Following a successful career as an attorney specializing in corporate law and government affairs at esteemed firms in both the United States and Japan, Amy became a co-founding partner of Abitbol & Cherry LLP. A graduate of Barnard College and the University of Chicago Law School, Amy attended Harvard Business School’s “New Paths” Executive Education program in 2014 for women seeking to change careers and explore new opportunities. This experience became the catalyst for her inspired transition to combine her interests in health, wellness and design and create Shou Sugi Ban House.
After spending twelve years in Europe, Kathleen Kapnick became interested in alternative medicine, which is prevalent there. She believes in using food as medicine, embraces all aspects of nutrition, and considers herself a beauty-product enthusiast. Kathleen and Amy met in school, have been friends for many years and shared the vision of creating a wellness sanctuary.
Jodie Webber’s career as a creative director in design and product development has spanned over 20 years. Looking to expand her horizons, she began studying therapeutic horsemanship in 2012, working with children who have developmental challenges. In this space, she began to observe the multisensory ways in which humans take in the world. This inspired her to intensely study the art of sound healing. In addition, she is a certified aromatherapist and an energy medicine and reiki practitioner. Jodie brings her keen eye to Shou Sugi Ban House, as well as her multisensory approach to design and the healing arts.
A longtime Hamptons resident, Debbie Kropf has over three decades of experience in the field of architecture and planning, specializing in both commercial and residential design projects. Shou Sugi Ban House gave Debbie the opportunity to combine her experience in resort architecture and site design with her passion for fitness and wellness. She designed each of the spaces at Shou Sugi Ban House with consideration for the effect of the building’s design and construction upon the occupants, with the aim of nurturing sustainable and holistic experiences. Debbie studied Environmental Design at the University of Colorado at Boulder and received her Masters in Architecture from the University of California at Berkeley. She currently serves as the President of American Institute of Architects (AIA) Peconic and has been a member since 1998.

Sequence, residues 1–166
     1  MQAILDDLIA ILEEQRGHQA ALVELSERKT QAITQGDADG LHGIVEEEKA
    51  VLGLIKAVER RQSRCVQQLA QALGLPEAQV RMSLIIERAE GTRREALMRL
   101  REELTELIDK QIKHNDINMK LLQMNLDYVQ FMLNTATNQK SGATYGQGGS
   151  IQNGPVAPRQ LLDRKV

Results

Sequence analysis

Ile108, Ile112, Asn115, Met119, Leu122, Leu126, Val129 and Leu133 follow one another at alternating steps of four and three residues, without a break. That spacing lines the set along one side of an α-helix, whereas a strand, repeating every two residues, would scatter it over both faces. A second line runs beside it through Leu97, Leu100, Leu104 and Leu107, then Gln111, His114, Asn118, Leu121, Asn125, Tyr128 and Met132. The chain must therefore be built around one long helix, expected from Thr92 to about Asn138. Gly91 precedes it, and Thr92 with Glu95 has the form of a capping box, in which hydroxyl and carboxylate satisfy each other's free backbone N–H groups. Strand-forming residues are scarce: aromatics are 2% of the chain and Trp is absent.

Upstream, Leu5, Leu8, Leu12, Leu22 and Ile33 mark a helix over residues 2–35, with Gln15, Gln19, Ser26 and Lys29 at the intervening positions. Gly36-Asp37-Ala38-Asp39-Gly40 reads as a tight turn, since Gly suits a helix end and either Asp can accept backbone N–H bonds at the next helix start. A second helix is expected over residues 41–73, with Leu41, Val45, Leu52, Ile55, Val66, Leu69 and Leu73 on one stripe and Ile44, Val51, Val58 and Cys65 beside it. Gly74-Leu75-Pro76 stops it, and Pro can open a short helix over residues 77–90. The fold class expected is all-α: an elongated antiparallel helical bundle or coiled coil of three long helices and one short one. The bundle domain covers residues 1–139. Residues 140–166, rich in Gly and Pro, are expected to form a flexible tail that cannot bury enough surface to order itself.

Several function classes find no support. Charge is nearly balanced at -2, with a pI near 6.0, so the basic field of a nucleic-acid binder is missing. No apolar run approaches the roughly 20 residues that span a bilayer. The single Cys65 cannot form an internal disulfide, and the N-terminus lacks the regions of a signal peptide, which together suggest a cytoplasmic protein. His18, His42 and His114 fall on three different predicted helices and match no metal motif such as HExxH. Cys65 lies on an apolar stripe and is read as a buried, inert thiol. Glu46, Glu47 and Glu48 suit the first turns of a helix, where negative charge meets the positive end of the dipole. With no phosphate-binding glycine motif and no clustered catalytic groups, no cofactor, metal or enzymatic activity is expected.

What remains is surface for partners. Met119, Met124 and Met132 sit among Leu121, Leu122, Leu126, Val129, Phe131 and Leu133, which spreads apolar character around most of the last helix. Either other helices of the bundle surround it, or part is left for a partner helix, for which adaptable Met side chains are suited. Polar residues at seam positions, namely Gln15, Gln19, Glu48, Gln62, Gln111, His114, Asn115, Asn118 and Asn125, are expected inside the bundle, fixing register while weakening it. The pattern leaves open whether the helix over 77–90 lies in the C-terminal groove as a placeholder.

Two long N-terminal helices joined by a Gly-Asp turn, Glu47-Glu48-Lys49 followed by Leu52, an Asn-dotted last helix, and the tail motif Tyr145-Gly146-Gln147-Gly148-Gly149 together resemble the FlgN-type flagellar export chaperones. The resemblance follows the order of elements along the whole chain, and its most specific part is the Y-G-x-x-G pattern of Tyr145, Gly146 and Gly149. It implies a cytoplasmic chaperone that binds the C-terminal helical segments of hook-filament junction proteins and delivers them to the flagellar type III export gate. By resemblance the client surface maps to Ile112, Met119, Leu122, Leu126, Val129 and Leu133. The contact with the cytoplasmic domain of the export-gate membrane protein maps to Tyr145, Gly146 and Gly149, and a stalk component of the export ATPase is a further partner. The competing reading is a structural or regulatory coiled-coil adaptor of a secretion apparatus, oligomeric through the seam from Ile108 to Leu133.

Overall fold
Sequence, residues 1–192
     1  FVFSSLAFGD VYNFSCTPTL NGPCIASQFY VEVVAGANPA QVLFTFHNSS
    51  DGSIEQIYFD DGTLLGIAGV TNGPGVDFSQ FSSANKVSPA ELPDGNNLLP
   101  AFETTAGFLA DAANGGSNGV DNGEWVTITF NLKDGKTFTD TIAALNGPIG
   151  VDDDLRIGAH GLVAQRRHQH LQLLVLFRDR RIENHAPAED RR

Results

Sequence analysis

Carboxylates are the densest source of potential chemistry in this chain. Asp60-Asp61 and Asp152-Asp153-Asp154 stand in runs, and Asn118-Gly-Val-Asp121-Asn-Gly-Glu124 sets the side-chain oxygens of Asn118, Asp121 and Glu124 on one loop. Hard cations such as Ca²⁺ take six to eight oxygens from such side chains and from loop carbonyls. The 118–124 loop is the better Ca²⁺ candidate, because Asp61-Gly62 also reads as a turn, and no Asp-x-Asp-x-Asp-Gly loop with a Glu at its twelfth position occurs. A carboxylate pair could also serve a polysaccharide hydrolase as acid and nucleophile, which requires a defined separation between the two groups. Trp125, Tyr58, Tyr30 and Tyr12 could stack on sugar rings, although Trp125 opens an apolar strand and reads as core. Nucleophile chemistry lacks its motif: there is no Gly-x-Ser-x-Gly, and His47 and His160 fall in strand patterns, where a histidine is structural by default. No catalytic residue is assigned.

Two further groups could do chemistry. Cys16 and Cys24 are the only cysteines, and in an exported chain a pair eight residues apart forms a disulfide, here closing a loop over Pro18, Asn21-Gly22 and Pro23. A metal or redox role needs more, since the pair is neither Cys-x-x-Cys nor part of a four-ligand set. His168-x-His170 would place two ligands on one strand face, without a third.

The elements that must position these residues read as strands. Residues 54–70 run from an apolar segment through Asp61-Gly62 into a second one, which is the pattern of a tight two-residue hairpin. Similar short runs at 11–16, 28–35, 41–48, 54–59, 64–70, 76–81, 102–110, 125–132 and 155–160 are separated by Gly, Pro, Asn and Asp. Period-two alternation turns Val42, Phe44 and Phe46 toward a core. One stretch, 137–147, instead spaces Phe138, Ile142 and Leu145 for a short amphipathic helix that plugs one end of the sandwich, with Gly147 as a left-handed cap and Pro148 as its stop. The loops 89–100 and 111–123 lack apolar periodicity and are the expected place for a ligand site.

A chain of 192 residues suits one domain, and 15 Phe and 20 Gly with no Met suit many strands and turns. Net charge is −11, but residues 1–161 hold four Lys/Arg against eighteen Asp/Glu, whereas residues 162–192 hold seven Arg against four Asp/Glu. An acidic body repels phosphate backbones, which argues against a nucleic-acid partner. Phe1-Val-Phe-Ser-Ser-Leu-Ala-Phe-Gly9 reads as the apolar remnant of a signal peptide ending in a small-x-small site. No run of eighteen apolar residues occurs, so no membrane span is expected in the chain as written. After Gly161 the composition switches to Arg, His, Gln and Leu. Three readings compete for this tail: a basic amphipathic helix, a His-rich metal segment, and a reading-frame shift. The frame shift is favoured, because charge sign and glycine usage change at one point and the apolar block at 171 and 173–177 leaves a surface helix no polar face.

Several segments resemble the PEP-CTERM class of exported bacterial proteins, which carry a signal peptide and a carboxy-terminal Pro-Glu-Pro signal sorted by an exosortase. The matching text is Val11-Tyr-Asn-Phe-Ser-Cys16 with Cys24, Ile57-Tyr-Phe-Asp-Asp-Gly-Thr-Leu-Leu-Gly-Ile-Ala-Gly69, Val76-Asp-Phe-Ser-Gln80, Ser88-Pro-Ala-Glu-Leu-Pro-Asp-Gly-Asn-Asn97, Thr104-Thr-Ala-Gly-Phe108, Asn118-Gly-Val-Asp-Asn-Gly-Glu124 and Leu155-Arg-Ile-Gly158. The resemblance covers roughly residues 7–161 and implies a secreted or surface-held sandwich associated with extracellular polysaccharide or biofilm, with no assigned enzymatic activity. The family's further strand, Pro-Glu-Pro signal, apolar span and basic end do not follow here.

Studio Lily Kwong is a next-generation landscape design firm whose mission is to reconnect people to nature, by combining horticulture, urban design, and visual arts to create a cultural impact. Founder Lily Kwong was named by The New York Times as one of the “Nine Young New Yorkers Poised for Creative Greatness” and inducted into Forbes’ “30 Under 30: 2018.” Lily’s botanical art installations have been featured on The High Line and in Grand Central’s iconic Vanderbilt Hall. She serves as Landscape Editor for Cultured Magazine and is a member of the New Museum’s NEW INC incubator program. Lily, who partnered with Topiaris of Lisbon (Portugal), for Shou Sugi Ban House’s unique and tranquil landscape design, was inspired by Japanese gardens and the natural beauty of the Hamptons.
Born in Denmark, chef Mads Refslund is one of the co-founders of the Danish restaurant Noma, which has repeatedly been named the greatest restaurant in the world. Mads went on to open MR, his own Michelin-starred restaurant in Denmark, before moving to New York City where he created the menu at ACME NYC, which The New York Times awarded two stars for successfully integrating Nordic philosophy with North American seasonal ingredients. He is also the co-author of “Scraps, Wilt & Weeds: Turning Wasted Food into Plenty.” Mads has developed Shou Sugi Ban House’s innovative, plant-rich culinary program which incorporates his no-waste philosophy with the property’s guiding principles of wellness and sustainability.